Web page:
|Submission Date||Feb. 25, 2015|
IN-2: Innovation 2
Environmental Sustainability Director
Office of the Executive Vice President
Title or keywords related to the innovative policy, practice, program, or outcome:
A brief description of the innovative policy, practice, program, or outcome:
In 2013, the Duke Arts Festival followed a sustainability theme, in order to encourage the Duke community to use the arts to learn about and educate others about our ecological footprint. The themed festival was a collaboration between Sustainable Duke, Duke Sanitation and Recycling Services, the Office of the Vice Provost of the Arts, and the Duke Arts Festival. This festival was kicked off with a day-long project to build Fort Duke, a structure made entirely of boxes collected during student move-in day. The structure enclosed the statue of James B. Duke in front of the Duke Chapel. It was made up of more than 3500 boxes, breaking the world record for the largest recycled cardboard building.
The 2013 Duke Arts Festival invited students to imagine how their paintings, prints, sculptures, videos, photos, media, music, dance, poetry, and theater might address sustainability during Duke Arts Festival. The festival was designed with this theme to meet a new and growing demand for a channel of expression on this topic; in recent years, faculty artists, visiting artists, and student artists have shown amazing imagination, ingenuity and a growing interest to make art that addresses sustainability.
Duke University seeks to attain and maintain a place of leadership in all that we do. This includes leadership in environmental stewardship and sustainability on our campus. As Duke strives to integrate sustainability into all aspects of the campus life, it is important to think creatively about how to inspire and encourage sustainable behaviors. Infusing sustainability themes into the arts is one way to reach diverse audiences, inspire creative thinking about the impact humans have on the natural world, and help all to understand our connection to the environment in new ways.
Several special festival events were planned to reinforce the theme: Photographer and filmmaker Chris Jordan visited Duke on October 30-31 to share his powerfully rendered artworks about consumption, “Running the Numbers” and “Midway”, with the Duke community, as well as participate in a panel discussion about mass consumption and how art can draw attention to critical issues of today. A local environmental artist worked with students on an installation in the Bryan Center that used discarded plastic bottles as source material. Pinar Yoldas, a graduate student in Visual and Media Studies, mounted her incredible “Very Loud Chamber Orchestra of Endangered Species” in Brown Gallery in the Bryan Center. Her work is “a roaring wake-up call” for all who inhabit planet earth.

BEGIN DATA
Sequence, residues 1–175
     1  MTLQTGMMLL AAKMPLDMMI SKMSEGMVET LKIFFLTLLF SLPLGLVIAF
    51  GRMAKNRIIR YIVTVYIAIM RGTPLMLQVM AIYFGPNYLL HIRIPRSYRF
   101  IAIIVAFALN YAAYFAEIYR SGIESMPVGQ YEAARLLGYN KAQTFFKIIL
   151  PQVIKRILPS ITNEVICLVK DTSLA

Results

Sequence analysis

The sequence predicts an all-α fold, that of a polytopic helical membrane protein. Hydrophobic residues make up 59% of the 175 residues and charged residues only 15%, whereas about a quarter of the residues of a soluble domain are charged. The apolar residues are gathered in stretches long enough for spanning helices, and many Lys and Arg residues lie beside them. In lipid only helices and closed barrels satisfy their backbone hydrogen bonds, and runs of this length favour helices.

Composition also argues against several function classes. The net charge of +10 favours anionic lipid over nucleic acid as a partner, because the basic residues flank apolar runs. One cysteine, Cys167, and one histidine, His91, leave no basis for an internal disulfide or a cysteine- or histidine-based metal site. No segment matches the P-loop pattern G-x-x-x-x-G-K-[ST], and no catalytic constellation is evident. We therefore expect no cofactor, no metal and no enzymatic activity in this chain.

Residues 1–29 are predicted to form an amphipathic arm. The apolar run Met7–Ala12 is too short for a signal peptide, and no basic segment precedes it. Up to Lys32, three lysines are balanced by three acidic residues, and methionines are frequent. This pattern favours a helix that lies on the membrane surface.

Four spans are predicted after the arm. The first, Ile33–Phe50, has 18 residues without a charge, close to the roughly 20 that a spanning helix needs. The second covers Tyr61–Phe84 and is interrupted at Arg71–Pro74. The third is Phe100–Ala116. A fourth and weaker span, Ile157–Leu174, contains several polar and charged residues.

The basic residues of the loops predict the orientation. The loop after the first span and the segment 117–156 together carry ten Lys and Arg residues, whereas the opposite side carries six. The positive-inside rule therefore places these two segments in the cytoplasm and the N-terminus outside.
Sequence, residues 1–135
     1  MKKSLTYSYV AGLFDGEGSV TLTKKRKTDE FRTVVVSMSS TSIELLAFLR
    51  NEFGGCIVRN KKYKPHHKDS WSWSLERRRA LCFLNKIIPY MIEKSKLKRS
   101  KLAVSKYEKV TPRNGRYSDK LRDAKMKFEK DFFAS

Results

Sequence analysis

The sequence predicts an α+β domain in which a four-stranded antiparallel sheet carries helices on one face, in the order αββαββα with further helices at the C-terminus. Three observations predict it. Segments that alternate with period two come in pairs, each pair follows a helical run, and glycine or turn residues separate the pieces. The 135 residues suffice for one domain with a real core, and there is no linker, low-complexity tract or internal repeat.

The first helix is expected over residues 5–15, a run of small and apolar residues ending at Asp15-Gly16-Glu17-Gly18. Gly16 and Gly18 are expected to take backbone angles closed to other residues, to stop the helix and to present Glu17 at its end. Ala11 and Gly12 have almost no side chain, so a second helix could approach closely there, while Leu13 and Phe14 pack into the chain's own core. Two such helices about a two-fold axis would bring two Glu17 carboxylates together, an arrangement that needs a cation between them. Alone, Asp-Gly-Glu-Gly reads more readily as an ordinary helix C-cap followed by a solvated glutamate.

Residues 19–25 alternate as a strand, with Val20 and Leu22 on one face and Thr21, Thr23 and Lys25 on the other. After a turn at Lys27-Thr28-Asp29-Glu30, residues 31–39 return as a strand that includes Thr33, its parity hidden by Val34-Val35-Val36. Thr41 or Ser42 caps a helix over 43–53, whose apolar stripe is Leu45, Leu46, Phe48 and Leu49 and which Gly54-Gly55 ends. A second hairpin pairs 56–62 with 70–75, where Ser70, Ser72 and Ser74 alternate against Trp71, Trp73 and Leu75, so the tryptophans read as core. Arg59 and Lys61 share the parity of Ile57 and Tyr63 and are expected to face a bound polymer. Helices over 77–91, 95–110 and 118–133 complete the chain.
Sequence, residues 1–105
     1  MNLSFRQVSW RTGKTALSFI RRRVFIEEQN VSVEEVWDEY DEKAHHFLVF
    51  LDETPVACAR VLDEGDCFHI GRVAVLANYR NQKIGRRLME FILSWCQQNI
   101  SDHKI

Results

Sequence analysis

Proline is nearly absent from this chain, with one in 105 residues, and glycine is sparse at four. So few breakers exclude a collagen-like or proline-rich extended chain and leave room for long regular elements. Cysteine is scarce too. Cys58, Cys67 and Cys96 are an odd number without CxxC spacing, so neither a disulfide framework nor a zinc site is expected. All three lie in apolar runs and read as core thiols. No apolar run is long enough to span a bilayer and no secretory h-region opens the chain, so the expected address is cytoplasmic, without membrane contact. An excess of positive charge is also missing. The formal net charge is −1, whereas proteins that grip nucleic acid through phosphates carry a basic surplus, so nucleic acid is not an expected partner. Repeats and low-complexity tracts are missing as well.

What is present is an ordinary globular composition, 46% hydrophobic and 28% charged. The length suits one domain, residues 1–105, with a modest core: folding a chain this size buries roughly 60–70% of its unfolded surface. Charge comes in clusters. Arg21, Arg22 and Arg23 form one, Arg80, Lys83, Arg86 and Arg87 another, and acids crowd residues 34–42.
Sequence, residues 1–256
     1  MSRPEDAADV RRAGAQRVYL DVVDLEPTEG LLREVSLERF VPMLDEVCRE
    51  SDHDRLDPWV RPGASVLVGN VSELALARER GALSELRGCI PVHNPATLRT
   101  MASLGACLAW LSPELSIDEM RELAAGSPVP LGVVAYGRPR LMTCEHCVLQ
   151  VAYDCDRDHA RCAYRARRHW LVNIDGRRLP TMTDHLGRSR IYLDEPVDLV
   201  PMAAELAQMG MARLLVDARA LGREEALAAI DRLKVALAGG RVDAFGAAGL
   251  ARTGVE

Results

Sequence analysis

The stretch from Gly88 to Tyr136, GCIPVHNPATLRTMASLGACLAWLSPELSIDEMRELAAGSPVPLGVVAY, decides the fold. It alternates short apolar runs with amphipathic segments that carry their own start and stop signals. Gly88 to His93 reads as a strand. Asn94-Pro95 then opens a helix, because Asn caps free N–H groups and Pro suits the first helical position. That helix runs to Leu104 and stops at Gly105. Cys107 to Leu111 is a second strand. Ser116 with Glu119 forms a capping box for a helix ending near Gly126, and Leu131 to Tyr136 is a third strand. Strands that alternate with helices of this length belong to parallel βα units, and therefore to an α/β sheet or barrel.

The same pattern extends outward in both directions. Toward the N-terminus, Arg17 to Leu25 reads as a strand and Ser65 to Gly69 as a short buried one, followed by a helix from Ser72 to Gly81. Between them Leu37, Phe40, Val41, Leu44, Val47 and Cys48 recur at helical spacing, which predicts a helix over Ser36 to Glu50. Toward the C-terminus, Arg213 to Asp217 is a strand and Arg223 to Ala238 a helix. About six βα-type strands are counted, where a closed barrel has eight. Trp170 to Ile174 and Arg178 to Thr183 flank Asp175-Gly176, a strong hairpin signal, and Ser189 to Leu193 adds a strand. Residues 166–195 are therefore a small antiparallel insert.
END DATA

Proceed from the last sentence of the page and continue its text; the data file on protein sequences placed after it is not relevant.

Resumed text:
The festival joined with Campus Sustainability Day on October 23, 2013 to celebrate Duke’s progress towards our 2024 carbon neutrality goal.
A brief description of any positive measurable outcomes associated with the innovation (if not reported above):
3,500 boxes were reused in the construction of Fort Duke and hundreds of students, faculty and staff attended this and other sustainability-related events during the Duke Arts Festival.
A letter of affirmation from an individual with relevant expertise:
Which of the following STARS subcategories does the innovation most closely relate to? (Select all that apply up to a maximum of five):
|Yes or No|
|Air & Climate||No|
|Coordination, Planning & Governance||No|
|Diversity & Affordability||No|
|Health, Wellbeing & Work||No|
Other topic(s) that the innovation relates to that are not listed above:
The website URL where information about the innovation is available:
The information presented here is self-reported. While AASHE
staff review portions of all STARS reports and institutions are welcome to seek additional forms of review, the data in STARS reports are not verified by AASHE. If you believe any of this information is erroneous or inconsistent with credit criteria, please review the process for inquiring about the information reported by an institution and complete the Data Inquiry Form.
The information presented here is self-reported. While AASHE staff review portions of all STARS reports and institutions are welcome to seek additional forms of review, the data in STARS reports are not verified by AASHE. If you believe any of this information is erroneous or inconsistent with credit criteria, please review the process for inquiring about the information reported by an institution and complete the Data Inquiry Form.